Georgia Senators Vote Yes On Prison Reform

WASHINGTON, D.C. – U.S. Senators David Perdue and Johnny Isakson both  vote for what Perdue calls ‘the improved’ version of the First Step Act.  Perdue worked with the Trump Administration and bill sponsors to secure several major improvements to the final text.

“The improved First Step Act will make our federal criminal justice system fairer to all Americans, while maintaining severe deterrents to criminal behavior. After working closely with the Trump Administration to make several improvements to the bill, I am proud to cosponsor the First Step Act. President Trump and Chairman Grassley have led this good faith effort to bring equity and reason to our justice system, along with Congressman Doug Collins who championed this in the U.S. House of Representatives. For years, Georgia has been leading the nation in reducing recidivism, providing drug rehabilitation, and increasing job training opportunities in our state prison system. This bipartisan effort is a model for breaking through the gridlock in Washington and actually getting things done,” says Perdue.

Isakson states, “In Georgia, we’ve already seen positive results from our criminal justice reform efforts led by Governor Nathan Deal, and I’m glad to see this push at the federal level, because we know it can work. Representative Doug Collins deserves real credit for this bipartisan effort, which has earned widespread support in Congress, from our state and law enforcement officials, our churches and faith communities. These reforms can help change lives and help ensure a better long-term outcome by focusing on rehabilitation of low-level, non-violent offenders so that they can become productive members of our society. I’m pleased to see this legislation advance.”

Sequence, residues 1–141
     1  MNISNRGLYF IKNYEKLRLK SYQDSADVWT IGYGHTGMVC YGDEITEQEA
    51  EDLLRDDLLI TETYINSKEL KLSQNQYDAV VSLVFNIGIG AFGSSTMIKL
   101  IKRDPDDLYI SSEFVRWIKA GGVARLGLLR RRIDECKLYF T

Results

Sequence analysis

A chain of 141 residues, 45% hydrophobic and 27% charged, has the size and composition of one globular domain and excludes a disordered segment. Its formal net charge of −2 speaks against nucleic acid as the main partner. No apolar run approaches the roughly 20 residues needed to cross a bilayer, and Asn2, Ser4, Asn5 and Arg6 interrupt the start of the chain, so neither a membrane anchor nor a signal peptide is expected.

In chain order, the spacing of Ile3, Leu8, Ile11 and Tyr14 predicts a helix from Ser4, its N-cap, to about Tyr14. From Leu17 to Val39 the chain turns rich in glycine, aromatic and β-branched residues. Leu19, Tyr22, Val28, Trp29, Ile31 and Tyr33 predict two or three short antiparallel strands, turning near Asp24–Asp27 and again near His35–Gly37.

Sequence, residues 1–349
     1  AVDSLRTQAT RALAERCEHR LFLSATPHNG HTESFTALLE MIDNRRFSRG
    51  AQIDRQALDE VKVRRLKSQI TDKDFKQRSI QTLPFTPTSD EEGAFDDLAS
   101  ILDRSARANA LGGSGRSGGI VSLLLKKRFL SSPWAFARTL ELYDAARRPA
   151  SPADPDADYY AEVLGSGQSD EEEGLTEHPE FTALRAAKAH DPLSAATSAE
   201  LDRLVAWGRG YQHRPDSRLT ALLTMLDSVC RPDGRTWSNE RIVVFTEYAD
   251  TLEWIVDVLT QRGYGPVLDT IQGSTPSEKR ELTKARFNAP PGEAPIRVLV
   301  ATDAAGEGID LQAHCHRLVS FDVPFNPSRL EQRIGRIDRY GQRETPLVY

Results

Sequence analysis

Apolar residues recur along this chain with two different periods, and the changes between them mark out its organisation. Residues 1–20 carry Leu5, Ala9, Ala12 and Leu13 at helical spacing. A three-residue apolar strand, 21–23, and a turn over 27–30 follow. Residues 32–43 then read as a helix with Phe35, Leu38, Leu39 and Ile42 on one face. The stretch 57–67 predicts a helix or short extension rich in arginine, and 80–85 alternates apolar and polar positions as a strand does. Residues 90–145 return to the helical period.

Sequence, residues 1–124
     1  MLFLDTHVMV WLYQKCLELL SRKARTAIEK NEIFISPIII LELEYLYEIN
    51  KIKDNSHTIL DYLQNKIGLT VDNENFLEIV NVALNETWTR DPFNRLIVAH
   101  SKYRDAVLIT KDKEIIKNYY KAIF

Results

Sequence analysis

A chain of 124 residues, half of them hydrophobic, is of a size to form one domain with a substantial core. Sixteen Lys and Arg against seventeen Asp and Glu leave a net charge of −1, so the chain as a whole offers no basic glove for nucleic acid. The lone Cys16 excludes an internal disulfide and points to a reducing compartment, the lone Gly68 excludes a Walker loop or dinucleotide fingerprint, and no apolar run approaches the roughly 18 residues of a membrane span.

Highlights of the bill per the Isakson team:

To rehabilitate prisoners and help prevent future offences, the First Step Act allows prisoners to earn time credits for pre-release custody through participation in vocational training, educational coursework, or faith-based programs that will help them successfully reenter society.

The First Step Act targets a specific population of federal prisoners who will eventually be released. It ensures that violent and high-risk criminals convicted of certain serious offenses are ineligible for sentencing reduction and other portions of the programing, including those who are convicted of crimes related to terrorism, murder, sexual exploitation of children, espionage, violent firearms offences, or those who are organizers, leaders, managers or supervisors in the fentanyl and heroin drug trade, along with those who are subject to a final order of removal under the Immigration and Nationality Act.

The bill would also makes a number of improvements to prison conditions, such as prohibiting the use of restraints on pregnant inmates, requiring that inmates be housed within 500 miles of their home, and extending compassionate elderly early release provisions.

U.S. Rep. Doug Collins, R-Ga.-09, introduced an earlier version of the Formerly Incarcerated Reenter Society Transformed Safely Transitioning Every Person Act, or FIRST STEP Act, in the U.S. House of Representatives, where it passed on May 22, 2018. Collins has been selected as the lead Republican on the House Judiciary Committee for the next session of Congress beginning in January 2019.

The First Step Act has been endorsed by the National Fraternal Order of Police and other law enforcement officials and organizations, the National Governor’s Association, and a broad coalition of conservative, progressive and faith groups. President Trump has also indicated that he supports the measure.